A really interesting look at one of Britain's high profile screenwriters: Beaufoy had the worst time of his life after The Full Monty for example, being sued left, right and centre by male strippers! After that there were two feature disasters, Blow Dry and The Waterhorse, which apparently taught him to approach his career differently. He says to remember producers and directors are powerful people with powerful opinions - they're not necessarily STUPID people, even if we are outraged at the notes we get and the changes we get asked to make. He used to be bitter about the development process; now he realises it's just a queue. Never say a straight "no" to suggestions you get - ask for more time to think about it. The CORE of the story is what needs protecting - "everything else is up for grabs". He had some interesting insights on DIY Filmmaking too: "budget constraints focus the mind". apparently he made a super low budget film where he was the cook as well as writer! DIY filmmaking EMPOWERS the screenwriter (I heartily agree). If you want your idea on film, JUST DO IT.
MORE OF 4 - Tessa Ross with Kevin Loader
I unfortunately arrived late, but some great behind-the-scene insights from Tessa Ross. Remember the networks are NOT a bank but part of the creative team. Slumdog Millionaire gave C4 a very good reputation - without it, they might be in a very different position. Whilst they want more success like this, they don't want Slumdog copies: C4 is about talent, risk, writing. She made the very good point the British public don't like paying for drama at the cinema because we get so much quality drama on television. C4, BBC et al also have to compete with other English Language channels like those in America. What C4 looks for: scripts that are resonant, contemporary, driven by the writer.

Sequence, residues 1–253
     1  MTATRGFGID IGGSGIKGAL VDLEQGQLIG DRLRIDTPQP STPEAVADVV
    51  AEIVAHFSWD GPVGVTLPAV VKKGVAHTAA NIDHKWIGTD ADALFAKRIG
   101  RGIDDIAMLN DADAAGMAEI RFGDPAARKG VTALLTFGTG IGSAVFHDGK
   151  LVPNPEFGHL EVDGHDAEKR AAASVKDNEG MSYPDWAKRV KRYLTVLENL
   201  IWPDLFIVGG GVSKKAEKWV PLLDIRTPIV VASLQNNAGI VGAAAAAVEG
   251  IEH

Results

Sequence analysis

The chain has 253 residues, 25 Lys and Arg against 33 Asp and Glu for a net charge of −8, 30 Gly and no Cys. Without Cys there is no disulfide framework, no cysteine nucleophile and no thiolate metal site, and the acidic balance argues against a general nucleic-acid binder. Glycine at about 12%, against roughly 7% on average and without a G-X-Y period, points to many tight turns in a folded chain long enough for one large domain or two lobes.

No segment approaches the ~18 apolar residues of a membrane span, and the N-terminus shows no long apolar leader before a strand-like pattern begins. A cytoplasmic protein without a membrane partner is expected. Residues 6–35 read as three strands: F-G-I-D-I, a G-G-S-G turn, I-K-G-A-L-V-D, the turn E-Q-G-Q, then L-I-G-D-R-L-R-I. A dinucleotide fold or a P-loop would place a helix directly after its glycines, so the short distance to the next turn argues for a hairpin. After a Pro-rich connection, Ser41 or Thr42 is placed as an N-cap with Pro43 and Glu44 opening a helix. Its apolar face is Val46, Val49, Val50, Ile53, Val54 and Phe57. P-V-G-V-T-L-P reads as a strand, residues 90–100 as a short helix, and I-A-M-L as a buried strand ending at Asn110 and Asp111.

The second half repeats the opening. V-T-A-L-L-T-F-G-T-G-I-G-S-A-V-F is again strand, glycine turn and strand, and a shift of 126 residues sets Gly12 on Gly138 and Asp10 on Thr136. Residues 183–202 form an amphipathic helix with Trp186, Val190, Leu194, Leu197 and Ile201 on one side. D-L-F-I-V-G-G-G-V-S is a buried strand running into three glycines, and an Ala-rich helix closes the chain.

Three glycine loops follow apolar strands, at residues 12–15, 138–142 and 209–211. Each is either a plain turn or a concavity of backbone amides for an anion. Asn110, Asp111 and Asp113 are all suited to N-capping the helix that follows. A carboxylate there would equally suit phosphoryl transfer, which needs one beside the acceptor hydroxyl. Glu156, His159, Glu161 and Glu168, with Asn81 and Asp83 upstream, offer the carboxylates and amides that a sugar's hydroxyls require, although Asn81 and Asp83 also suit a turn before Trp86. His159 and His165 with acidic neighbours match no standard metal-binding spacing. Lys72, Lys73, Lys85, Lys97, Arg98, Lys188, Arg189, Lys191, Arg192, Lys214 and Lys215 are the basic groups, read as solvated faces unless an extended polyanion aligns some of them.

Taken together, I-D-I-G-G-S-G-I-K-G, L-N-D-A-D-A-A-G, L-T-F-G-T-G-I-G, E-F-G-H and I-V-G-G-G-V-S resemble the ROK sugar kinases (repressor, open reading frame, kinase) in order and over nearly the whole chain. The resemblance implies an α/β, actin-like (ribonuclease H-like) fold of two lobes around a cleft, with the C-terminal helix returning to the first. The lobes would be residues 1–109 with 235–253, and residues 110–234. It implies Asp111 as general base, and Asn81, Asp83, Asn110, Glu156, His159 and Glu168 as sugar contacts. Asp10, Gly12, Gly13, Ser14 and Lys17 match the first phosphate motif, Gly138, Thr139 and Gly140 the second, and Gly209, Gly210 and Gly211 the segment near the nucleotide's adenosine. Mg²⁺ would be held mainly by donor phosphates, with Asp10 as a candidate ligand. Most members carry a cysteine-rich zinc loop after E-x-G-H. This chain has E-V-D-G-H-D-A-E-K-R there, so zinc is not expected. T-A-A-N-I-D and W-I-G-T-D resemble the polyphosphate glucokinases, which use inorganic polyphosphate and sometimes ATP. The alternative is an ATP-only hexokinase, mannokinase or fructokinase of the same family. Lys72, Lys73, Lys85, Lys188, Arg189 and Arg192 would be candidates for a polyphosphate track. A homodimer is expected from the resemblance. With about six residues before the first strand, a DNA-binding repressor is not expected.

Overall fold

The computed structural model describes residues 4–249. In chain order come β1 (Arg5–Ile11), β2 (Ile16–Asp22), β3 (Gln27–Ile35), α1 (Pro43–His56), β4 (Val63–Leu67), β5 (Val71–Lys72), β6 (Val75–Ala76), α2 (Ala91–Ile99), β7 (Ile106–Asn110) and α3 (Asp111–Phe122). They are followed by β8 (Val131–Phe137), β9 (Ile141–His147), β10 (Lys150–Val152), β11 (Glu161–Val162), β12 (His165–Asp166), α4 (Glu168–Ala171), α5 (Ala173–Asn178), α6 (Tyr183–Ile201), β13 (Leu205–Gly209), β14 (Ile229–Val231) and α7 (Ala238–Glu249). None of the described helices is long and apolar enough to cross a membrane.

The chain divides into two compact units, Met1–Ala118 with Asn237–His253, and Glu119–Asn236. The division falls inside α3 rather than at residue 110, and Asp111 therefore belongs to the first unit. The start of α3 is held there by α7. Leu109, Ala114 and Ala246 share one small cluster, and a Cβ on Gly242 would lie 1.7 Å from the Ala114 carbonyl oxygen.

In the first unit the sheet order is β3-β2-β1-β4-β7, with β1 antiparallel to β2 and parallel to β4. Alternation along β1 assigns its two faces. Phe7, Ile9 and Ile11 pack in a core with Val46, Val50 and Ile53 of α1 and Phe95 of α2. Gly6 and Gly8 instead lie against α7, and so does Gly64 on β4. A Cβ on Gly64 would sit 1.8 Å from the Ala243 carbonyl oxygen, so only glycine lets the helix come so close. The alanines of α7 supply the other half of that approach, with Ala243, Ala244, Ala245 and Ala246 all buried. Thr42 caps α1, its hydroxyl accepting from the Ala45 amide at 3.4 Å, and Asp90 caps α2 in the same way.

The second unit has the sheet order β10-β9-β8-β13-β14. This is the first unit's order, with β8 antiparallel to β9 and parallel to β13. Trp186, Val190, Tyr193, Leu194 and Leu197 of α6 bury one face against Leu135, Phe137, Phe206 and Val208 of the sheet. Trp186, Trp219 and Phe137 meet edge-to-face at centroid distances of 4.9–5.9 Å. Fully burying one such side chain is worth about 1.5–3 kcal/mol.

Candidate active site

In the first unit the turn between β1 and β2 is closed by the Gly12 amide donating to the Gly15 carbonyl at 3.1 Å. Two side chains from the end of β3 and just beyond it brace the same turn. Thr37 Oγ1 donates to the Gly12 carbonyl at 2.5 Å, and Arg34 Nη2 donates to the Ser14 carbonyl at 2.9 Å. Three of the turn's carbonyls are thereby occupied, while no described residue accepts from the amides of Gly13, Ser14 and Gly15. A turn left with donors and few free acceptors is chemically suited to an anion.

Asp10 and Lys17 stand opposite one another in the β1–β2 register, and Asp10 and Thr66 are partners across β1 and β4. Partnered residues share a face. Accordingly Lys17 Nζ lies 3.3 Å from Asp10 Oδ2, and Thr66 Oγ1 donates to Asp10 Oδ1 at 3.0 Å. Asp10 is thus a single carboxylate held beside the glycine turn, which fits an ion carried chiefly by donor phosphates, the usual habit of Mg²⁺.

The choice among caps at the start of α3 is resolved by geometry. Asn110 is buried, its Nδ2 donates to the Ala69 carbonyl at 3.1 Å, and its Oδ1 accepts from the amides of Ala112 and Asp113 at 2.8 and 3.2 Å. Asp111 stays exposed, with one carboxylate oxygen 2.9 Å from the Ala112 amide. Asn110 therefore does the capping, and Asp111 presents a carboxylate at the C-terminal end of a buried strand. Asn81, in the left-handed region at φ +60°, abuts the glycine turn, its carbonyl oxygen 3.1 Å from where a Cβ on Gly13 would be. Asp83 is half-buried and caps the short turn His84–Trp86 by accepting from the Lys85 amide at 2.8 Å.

SCRIPT ASSESSMENT FOR PRODUCERS - Esther Wouda
A look at how people might read scripts and/or what they might expect of them. An inexact science - so much depends on emotional response - Esther nevertheless does her best to pin down some common elements, including the mnemonic "M.O.U.V.E" - "meaning, originality, universality, verisimilitude (zeitgeist/feeling of time), emotion."
WRITE IT, SELL IT, MAKE IT - Panel Discussion
Another look at "getting out there" DIY Filmmaking-wise, which certainly appears to be the "thing of the moment". Some really interesting thoughts, including Slingshot's Arvind Ethan David's thoughts on Sugarhouse: "If we HADN'T had a theatrical release, we might have made some money on this film." Also under the microscope: no budget Zombie flick Colin, Gone Fishing, the SW Screen iFeatures initiative and The Exam. Food for thought: "what is my strategic commercial objective?" And "Does my budget make sense?"
BTW, I went to more sessions than this - but the things I learnt will form the basis of some other posts with my own thoughts on the matter too in the coming weeks.